Our governments do very little to promote an understanding of the properties and uses of particular ingredients further than the vague food group to which they belong. They do not speak to quality, provenance or seasonality of ingredients. Department of Health and NHS guidelines on healthy eating really focus on managing the major problems effecting the country as a whole. One such major problem is obesity, so guidelines focus on reducing saturated fat and promote the use of low-fat alternatives, skimmed milk and reduced fat dairy. It is common in Western and allopathic thought that a particular symptom is treated without a holistic view of health in general. For high blood pressure for example, an Ayurvedic doctor would seek to understand the root cause of the hypertension and to treat the patient holistically and gradually. An allopathic doctor will prescribe medication which will bring blood pressure into check. The problem is that the patient will be taking the medication for the rest of their life since the imbalances causing the hypertension are not treated, only this immediate, most worrying, symptom. Long term medication carries a great deal of risk and damage in itself.

Similarly ‘low fat’ options may be effective in treating the national symptom of obesity to some extent, but it is clear that, on an individual basis, whole milk and dairy products are better for health as a whole and the government guidelines are an emergency measure which are not aimed at me or my children and probably not yours. If our kids have a balanced diet generally then low fat options are unnecessary and inferior. But then we knew that already. Our grandparents always told us so. Ayurveda is rooted in a profound belief in nature and our place in it, and disease is generally held to be caused by turning our back on natural principles. When even the foodies believe that the answer is to eat avocado every day whether it is in season or not, regardless of whether these superfoods are over-farmed; we know that we must rely on our own learning, intuition and experience. My intuition always leads me to whole natural products, the natural properties of which are not interfered with. Whole good fats; butter, olive oil, coconut oil, ghee, rapeseed and nut oils will balance the bad ones when we cook for ourselves and our children sensibly; good cholesterol will also balance the bad. Fat and cholesterol are essential for health. Cholesterol is naturally synthesised by the body when not available through diet. We just need to choose well and use them moderately and in variety.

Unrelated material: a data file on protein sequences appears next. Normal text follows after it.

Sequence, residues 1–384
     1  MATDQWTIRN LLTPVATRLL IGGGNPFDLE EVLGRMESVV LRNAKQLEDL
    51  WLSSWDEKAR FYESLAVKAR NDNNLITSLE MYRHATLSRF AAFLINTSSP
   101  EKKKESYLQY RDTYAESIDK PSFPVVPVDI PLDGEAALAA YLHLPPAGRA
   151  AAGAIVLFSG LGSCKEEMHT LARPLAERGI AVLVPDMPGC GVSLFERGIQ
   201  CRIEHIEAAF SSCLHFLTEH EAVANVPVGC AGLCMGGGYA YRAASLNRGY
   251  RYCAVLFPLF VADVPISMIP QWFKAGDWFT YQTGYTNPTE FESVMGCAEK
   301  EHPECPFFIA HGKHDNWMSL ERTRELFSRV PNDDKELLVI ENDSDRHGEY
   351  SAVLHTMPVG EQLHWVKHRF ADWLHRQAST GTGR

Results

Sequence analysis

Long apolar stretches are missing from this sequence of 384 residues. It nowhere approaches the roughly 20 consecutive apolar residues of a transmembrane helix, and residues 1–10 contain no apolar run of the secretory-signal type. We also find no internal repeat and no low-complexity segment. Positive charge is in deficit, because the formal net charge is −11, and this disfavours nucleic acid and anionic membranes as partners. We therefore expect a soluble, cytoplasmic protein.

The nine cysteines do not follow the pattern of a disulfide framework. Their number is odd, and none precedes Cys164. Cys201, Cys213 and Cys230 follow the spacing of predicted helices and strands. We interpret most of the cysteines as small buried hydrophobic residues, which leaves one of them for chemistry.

For me, and I believe for kids, food must be exciting and visceral, colourful and textured, playful and satiating, for holding and feeling, smelling and tasting, for sharing and for looking at, for community. Rich in flavour and yielding rich memories of our childhoods. It is all these things naturally, without help from manufacturers; until we are bound up in those webs and lifestyle becomes something you buy or ape. Doing the best for your kids should not be easy, but we should trust their still-natural souls and ours too. We should not entrust Peppa Pig or Elsa and Anna with their health and enjoyment. We should embrace our parental responsibilities, get them involved and have fun, pizza parties and campfires. Done right, their own spirit will show in your food. Child’s play.

Catch up with what we made and how it went down via our #aweekinbabyfood hashtag, via our Instagram account @thebalanceplan